"Breaking Bad" has always used understatements as dark jokes, but Walt took the (birthday) cake with this one: "It's been quite a year, huh?"
A year since his cancer diagnosis, it's also Walt's 51st birthday. (It's strange to consider how little time has passed through five seasons of the show.) But only Walt feels like celebrating, so he leases a new sports car and gets back a new Dodge Challenger for Walt Jr. Skyler, on the other hand, begrudgingly cooks Walt breakfast (spelling out "51" in bacon, a birthday tradition in the White house) and invites Hank and Marie over for dinner. After some roast chicken and hearing Walt talk about his sickness, she walks, fully clothed, into their pool, hoping to die or to send a message to Walt or both.
The relationship between Walt and Skyler has been boiling under the surface and extremely uncomfortable for viewers all season. Not only is she afraid of her husband, but Skyler clearly abhors the man he's become. When she served Walt his breakfast, I wrote in my notes: "When and how will Skyler explode?" The answer came quickly: 20 minutes and in dramatic fashion.
"Breaking Bad" is a show built around action — big explosions, shoot-outs, throat-cutting murders and other vivid portraits of the messy drug-dealing business. Besides Jesse's breakdowns, we rarely we see the exisential crises all of these character must be dealing with at all times. That's why Skyler's trip to bottom of the pool was so unnerving: The director (Rian Johnson, who directed the "Fly" bottle episode two seasons ago) focuses on the clear blue pool and Skyler's dead eyes, all while Walt's empty reflections on life hang in the air. Skyler's growing desire to walk to the bottom of the pool and leave her beyond-chaotic life behind was palpable and, most of all, heart-wrenchingly sad.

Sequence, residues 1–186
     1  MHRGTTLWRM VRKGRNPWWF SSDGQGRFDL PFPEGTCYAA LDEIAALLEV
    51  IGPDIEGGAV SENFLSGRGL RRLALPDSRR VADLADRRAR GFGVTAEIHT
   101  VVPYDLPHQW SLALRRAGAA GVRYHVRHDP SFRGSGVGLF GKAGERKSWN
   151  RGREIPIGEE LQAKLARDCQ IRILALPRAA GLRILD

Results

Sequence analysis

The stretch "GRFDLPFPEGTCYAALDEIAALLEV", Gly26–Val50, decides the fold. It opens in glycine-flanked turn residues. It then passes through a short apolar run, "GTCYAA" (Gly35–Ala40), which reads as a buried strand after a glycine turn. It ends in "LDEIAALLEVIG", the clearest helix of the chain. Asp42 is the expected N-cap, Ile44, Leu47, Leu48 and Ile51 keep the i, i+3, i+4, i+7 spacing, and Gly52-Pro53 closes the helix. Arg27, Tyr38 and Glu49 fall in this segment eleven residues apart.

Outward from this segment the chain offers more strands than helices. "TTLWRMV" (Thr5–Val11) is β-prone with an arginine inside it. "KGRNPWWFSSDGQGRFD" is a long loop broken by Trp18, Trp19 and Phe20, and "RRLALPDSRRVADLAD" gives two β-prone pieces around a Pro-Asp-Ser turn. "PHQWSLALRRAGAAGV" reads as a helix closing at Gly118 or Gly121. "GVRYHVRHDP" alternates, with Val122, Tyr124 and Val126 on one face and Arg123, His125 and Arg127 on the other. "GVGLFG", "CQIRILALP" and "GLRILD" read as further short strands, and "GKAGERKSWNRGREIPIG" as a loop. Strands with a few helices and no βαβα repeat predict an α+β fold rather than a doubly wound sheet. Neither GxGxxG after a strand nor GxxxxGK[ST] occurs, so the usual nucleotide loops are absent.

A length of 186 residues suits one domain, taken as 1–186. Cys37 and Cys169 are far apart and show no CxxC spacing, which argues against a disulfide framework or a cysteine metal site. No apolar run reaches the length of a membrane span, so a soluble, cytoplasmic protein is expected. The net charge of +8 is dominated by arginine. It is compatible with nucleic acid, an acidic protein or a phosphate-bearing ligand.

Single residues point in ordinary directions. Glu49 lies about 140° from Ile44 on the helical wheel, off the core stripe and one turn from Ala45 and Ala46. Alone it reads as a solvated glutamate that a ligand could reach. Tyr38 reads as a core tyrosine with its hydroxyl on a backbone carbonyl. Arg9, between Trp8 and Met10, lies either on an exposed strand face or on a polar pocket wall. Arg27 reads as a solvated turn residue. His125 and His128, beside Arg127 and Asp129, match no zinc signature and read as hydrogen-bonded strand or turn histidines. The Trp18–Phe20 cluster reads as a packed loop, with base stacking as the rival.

I don't doubt Skyler wanted to kill herself, but really, her walk to the deep-end was a grand way to alarm Marie and Hank. And thus, it got the kids out of the house: She asks Marie to take them while she and Walt work out their "differences" (uh, good luck), but really she just wanted to get them out of what she perceives as harm's way.
"We aren't in danger anymore, Skyler," says Walt, attempting to reassure her that she and their children are safe.
"I thought you were the danger?" she replies. Ouch — Walt, who's back to wearing his Heisenberg hat, deserved that.
The ugly exchange between Walt and Skyler in their bedroom continued Walt's moral descent, which is quickly spiraling out of control. Showrunner Vince Gilligan seems unbelievably committed to making the audience hate Walt. What started as a somewhat sympathetic character (nerdy under-achiever discovers his cancer and wants to leave his family a nest egg) but he's quickly devolved (all in a year!) into a gifted drug manufacturer who considers himself untouchable.
The saddest part of "Fifty-One" was Walt pressing Skyler for her "plan" to keep him away from his family. Like the know-it-all genius he is, Walt had a rebuttal to all of Skyler's short-sighted escape routes. Then she exposed her real plan: Skyler will wait out the madness until Walt's cancer returns. The woman who was willing to do anything for her husband's health now wants him to die.
When Mike and Jesse discuss what do with the ever-increasingly difficult Madrigal employee Lydia, Jesse asks Walt for his opinion. With the weight of his domestic issues squarely on his shoulders, he looks up and says, "Nothing stops this train. Nothing." With the divide growing between him and his family, Walt has no choice but to see this Heisenberg drug-takeover through. It's now the only thing that validates his existence.
The real question now: Is Walt's ego so big that he can't see there are plenty of things (rivals, the D.E.A., Skyler, etc.) that can derail the train?Copyright © 2015, The Baltimore Sun